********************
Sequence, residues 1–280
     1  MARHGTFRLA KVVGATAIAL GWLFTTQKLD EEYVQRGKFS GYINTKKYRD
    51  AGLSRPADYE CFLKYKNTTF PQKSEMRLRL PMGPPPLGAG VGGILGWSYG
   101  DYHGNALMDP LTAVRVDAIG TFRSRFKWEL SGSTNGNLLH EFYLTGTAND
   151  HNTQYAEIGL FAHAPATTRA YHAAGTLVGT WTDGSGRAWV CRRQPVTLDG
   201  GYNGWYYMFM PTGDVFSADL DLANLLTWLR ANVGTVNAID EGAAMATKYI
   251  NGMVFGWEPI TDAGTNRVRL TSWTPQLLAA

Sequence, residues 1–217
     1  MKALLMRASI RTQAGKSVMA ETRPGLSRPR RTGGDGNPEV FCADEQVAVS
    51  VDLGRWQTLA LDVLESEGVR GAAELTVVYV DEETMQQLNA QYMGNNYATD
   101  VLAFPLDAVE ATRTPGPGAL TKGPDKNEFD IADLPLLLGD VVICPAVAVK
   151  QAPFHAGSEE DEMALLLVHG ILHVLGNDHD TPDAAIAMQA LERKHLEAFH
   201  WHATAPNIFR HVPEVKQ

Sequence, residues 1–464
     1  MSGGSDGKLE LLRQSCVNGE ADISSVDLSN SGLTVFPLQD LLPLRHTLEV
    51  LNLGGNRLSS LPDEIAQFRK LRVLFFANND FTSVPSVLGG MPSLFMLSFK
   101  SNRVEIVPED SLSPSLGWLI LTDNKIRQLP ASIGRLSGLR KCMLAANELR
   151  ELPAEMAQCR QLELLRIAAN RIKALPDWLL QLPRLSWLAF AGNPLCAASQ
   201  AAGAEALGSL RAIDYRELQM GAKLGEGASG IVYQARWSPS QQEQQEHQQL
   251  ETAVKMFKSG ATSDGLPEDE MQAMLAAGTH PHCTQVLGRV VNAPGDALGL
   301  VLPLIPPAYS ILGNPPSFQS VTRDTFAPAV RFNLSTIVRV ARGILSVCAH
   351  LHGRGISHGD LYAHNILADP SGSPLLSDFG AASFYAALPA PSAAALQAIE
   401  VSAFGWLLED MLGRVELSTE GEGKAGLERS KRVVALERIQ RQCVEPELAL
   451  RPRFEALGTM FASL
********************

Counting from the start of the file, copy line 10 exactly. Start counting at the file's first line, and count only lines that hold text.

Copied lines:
    51  VDLGRWQTLA LDVLESEGVR GAAELTVVYV DEETMQQLNA QYMGNNYATD